Medications With Potential Links to Hearing Loss and Tinnitus

Unfortunately, many medications meant to help treat and relieve pain and other health issues can have damaging side effects. The American Speech-Language-Hearing Association (ASHA) reports that over 200 medications actually damage the inner ear, causing cause tinnitus, hearing loss, or balance issues. These medications are referred to as “ototoxic” and can cause temporary or permanent hearing loss.

Signs of Hearing Loss and Tinnitus

A pill bottle filled with green pills

Many suffering from hearing loss often don’t realize they have an issue since it can happen gradually. Early signs of hearing loss include:

  • Difficulty following conversations, especially with background noise
  • The inability to hear high-pitched sounds, like children’s voices, birds, or doorbells
  • Asking people to repeat themselves
  • Listening to music or tv at a high volume

Tinnitus affects over 50 million adults in the U.S. and refers to a buzzing, hissing, or ringing sensation in one or both ears. Cases of tinnitus can be constant or occasional, and they are often coupled with hearing loss.

Medications for Pain Relief

Common pain relievers, such as aspirin and ibuprofen, are known as “non-steroid-anti-inflammatory drugs”—or NSAIDs—and can cause hearing loss if taken continually or in very large doses since they can reduce blood flow to the cochlea (inner ear). The risk of developing hearing loss is relatively low if taken as recommended.

Chemotherapy Drugs

Both Cisplatin and Vincristine are chemotherapy treatments that are also considered ototoxic. Cisplatin commonly treats testicular, ovarian, and bladder cancers, while Vincristine helps treat leukemia, lymphoma, neuroblastoma, other cancers, and even some blood disorders. Currently, researchers are looking into alternatives since these treatments can cause temporary or permanent hearing loss, as well as vertigo and tinnitus.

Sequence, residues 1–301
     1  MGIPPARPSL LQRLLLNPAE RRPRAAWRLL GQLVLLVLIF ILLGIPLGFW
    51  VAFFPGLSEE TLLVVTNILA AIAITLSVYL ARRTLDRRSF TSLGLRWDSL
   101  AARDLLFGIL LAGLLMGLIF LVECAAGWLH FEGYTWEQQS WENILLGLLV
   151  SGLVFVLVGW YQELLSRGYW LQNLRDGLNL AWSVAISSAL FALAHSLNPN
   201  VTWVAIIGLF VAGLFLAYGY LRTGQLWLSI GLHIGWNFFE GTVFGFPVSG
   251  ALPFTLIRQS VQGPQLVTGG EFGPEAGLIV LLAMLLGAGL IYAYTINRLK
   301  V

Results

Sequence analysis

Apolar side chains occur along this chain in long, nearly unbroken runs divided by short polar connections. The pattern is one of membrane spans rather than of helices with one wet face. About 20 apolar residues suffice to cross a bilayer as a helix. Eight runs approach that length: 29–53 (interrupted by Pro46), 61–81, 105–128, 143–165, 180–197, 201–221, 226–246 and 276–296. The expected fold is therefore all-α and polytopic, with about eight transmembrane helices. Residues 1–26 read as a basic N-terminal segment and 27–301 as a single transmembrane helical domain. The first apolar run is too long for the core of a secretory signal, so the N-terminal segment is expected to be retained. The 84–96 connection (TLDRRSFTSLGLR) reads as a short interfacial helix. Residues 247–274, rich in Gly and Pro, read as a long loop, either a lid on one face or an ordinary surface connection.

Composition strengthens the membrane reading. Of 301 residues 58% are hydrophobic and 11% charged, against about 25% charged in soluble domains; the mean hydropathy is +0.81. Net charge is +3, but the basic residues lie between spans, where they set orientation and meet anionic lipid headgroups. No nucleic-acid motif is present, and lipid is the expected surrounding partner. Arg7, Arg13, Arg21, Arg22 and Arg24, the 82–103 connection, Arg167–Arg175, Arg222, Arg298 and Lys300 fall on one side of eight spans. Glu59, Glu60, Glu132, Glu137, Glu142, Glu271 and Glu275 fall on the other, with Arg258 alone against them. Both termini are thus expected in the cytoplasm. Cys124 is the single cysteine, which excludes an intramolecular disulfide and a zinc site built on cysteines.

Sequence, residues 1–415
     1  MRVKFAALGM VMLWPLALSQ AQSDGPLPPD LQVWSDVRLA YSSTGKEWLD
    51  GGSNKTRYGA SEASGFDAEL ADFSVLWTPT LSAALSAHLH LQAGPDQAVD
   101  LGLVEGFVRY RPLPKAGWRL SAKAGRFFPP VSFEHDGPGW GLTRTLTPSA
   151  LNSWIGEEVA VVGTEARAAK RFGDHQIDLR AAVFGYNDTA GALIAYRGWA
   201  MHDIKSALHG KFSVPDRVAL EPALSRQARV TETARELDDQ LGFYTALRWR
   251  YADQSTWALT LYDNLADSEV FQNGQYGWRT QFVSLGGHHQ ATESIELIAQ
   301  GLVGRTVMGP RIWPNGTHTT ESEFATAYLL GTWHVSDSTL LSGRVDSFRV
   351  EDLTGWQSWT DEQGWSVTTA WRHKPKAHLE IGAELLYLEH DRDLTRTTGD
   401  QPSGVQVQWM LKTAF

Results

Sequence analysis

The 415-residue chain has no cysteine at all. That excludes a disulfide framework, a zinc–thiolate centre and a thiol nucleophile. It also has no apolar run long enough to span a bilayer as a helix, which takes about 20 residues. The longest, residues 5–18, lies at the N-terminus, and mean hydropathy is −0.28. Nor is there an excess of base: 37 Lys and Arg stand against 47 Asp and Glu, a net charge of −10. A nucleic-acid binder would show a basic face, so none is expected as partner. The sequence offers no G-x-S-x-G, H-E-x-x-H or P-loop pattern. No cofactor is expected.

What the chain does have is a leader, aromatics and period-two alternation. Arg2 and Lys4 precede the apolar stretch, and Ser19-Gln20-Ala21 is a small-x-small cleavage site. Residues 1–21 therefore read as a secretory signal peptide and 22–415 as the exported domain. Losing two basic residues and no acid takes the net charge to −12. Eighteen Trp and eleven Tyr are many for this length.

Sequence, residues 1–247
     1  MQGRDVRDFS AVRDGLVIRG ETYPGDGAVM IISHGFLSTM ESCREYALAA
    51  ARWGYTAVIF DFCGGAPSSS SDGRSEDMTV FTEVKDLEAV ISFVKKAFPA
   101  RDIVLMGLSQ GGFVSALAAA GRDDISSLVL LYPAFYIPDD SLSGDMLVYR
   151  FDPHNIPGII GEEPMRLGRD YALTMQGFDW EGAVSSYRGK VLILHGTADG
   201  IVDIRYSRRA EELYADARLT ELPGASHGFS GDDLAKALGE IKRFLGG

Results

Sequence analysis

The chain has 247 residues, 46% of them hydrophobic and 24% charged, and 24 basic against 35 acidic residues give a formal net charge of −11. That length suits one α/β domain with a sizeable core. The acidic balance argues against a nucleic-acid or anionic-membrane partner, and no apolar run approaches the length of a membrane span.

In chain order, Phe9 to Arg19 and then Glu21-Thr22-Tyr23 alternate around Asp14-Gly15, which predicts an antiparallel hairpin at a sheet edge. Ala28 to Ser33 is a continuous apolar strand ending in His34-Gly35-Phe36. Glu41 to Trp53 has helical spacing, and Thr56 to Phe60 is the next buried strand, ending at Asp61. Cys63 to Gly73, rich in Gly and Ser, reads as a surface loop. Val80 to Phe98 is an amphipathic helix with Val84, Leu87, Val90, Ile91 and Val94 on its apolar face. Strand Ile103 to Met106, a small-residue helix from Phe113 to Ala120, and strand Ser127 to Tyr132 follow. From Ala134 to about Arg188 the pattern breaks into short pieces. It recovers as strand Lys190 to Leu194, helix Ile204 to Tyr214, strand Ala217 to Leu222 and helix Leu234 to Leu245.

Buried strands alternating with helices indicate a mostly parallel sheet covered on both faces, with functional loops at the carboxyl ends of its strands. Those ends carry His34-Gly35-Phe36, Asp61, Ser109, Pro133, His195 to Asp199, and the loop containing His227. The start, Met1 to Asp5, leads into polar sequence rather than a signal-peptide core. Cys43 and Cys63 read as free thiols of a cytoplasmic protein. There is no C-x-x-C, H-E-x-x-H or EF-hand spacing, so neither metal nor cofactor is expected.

Diuretics for High Blood Pressure and Heart Disease

Diuretics taken to treat high blood pressure and heart disease may reduce blood flow to the cochlea, resulting in temporary hearing loss or tinnitus. These medications can disrupt the blood-cochlea barrier, allowing toxic chemicals or pathogens to enter the inner ear.


There are a wide variety of antibiotics used to treat bacterial infections. Aminoglycosides are a classification of antibiotics that treats severe infections (e.g., meningitis) if another antibiotic treatment hasn’t worked. While this type of antibiotic isn’t used often, it can still cause hearing loss if administered in large doses.

Never alter your dosage or stop taking prescribed medication without consulting your physician first. If you are experiencing symptoms of hearing loss or tinnitus, contact your physician immediately. While permanent hearing loss and tinnitus aren’t reversible, Associated Hearing Professionals can help improve your quality of life and comfort with hearing aids specific to your needs. Call 314-725-2686 or contact us online to schedule an appointment at our St. Louis or Chesterfield office.